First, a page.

Money Counts: Daisy Leaf
Welcome to the Daisy Girl's Guide to Girl Scouting! The main focus of this book for our first and second year girls is the Daisy Petal Patch set. Unlike the badge work for older girls, there are not a whole heck of a lot of guidelines for the petal patch set.
The leaf badges are a great compliment to the product sales, whether it be cookies or fall products. We did ours with our cookies sales, but in the end, you could do this anytime it fit in your schedule.
Leaf Activity #1: Understand different kinds of coins
The first two parts of this were very similar - I did this with my girls at the beginning of cookie season, so I grabbed our bank bag of cookie money and basically dumped it out in front of them. We spent some time identifying the different coins and their values. My girls were in kindergarten so they needed some help and reminding. We also put them in order and talked a bit about which ones were worth more, and what kind of things we could buy with their change.
Leaf Activity #2: Know more about paper money
The first two parts of this were very similar - I did this with my girls at the beginning of cookie season, so I grabbed our bank bag of cookie money and basically dumped it out in front of them. We spent some time identifying the different paper bills and their values. My girls were in kindergarten so they needed some help and reminding. We also put them in order and talked a bit about which ones were worth more, and what kind of things we could buy with their money.
Leaf Activity #3: Find out the cost of fun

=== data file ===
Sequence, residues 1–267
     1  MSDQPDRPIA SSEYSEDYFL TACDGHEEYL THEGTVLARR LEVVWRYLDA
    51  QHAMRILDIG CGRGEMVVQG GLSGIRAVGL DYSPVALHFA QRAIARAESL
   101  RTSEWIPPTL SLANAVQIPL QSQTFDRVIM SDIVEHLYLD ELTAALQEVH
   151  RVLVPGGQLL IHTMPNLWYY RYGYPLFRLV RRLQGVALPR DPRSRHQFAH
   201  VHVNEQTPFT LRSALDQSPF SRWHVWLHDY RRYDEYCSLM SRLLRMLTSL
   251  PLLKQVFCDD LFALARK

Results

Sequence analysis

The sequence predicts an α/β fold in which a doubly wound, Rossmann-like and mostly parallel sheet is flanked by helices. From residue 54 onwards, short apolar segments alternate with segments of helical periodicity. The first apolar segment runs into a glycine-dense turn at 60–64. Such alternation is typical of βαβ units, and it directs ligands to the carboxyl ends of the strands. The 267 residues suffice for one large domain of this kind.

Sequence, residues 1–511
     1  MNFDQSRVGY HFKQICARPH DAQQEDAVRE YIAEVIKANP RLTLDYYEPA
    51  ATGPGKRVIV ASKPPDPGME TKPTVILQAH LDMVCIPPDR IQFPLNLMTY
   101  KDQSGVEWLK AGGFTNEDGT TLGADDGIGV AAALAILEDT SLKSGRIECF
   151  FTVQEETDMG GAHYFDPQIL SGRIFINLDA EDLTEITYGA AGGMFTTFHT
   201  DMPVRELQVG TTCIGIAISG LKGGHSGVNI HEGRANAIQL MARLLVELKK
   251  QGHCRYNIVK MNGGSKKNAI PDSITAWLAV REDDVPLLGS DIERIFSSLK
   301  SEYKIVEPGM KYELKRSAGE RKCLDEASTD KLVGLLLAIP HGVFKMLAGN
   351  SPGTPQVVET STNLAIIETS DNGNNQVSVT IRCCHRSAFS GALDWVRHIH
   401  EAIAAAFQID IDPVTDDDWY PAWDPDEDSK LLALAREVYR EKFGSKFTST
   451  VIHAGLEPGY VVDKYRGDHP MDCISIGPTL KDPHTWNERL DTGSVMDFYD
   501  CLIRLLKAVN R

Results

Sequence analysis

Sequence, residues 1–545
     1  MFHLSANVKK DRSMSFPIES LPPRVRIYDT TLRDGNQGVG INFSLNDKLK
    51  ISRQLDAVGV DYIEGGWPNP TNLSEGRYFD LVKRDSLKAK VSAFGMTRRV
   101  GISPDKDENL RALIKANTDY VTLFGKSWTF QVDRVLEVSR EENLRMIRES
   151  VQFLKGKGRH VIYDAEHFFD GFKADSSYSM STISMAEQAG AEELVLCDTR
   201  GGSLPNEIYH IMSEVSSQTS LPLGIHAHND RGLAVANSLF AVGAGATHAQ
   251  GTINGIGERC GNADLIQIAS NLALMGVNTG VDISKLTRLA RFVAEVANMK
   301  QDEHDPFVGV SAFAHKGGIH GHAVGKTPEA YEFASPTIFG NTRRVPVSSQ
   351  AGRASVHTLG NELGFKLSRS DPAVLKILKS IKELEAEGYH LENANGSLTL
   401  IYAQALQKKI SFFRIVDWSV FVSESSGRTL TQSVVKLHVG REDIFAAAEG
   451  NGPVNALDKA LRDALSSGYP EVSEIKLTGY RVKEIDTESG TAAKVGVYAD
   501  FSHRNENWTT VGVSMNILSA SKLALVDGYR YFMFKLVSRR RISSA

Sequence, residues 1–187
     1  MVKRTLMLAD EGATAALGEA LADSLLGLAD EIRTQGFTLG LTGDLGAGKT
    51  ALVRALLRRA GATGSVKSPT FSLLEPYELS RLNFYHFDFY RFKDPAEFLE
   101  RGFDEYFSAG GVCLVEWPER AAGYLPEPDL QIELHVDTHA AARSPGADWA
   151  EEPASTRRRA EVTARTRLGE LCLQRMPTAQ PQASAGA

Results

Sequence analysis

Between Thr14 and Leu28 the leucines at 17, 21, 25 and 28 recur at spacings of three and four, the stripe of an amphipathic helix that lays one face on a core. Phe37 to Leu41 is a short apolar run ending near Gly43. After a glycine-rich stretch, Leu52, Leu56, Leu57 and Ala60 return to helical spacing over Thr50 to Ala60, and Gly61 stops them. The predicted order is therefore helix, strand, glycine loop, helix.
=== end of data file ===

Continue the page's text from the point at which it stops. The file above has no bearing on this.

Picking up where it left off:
Things you'll need:
- popsicle sticks
- general info on local attractions
This was my favorite part of this badge. For this badge, I gave the girls a budget of $10 per person, and two event options. One was the local zoo, and the other was a meal at a fast food restaurant and time at a large park. My girls chose the zoo. I had 7 girls, which meant they needed 2 chaperones. I gave my girls 90 popsicle sticks ($90), and some paper. On the paper, I wrote:
Admission: $6, unless they have an annual pass
Train Ride: $3
Horse Ride: $4
I gave them just a few rules.
1. Admission was a *must*
2. Everyone had to eat.
3. If one person got a souvenir, everyone got a souvenir.
I explained that each popsicle stick was $1 - they could spend all of the popsicle sticks they had, but not more than that. Then I let them go to town. This was super endearing to watch - the first thing they decided to do was basically everything on the list! We offered some gentle guidance and suggested they take care of the admission cost first, and then see where they were at with their funds. My girls took a survey of the girls and leaders to determine who had annual passes - turns out 3 girls and one leader had passes. After this, they tackled lunch. They liked the idea of buying lunch at the zoo, but one enterprising little lady asked if it would be cheaper to bring PBJ sandwiches and water bottles for everyone. We estimated that would cost about $10. After admission and lunch were taken care of, they had $50 bucks left to play with. This was actually much more than I had expected, so this was great. The girls talked about a souvenir, but they deemed it far to expensive for them, and (after all) the zoo was in their home town - they could spend time there whenever they wanted. The girl were split on train rides and horses, so they voted, and split up the chaperones. The chaperon with the train ride would need to ride but the horse one could just watch. At this point, they had $22 left. They decided to get snacks with their money, and specified they would get popcorn, and each person would share with their buddy. We ended up getting 4 fictional popcorns.
Cost of our *fictional* zoo trip:
The girls learned a valuable lesson on how much fun costs, and how to budget for it. They also returned $10 bucks back to the troop account - for our next fun activity.
We had a great time with this - not many things cuter than 5 and 6 year olds learning about girl scouts! Tell me how your Money Counts leaf earning went!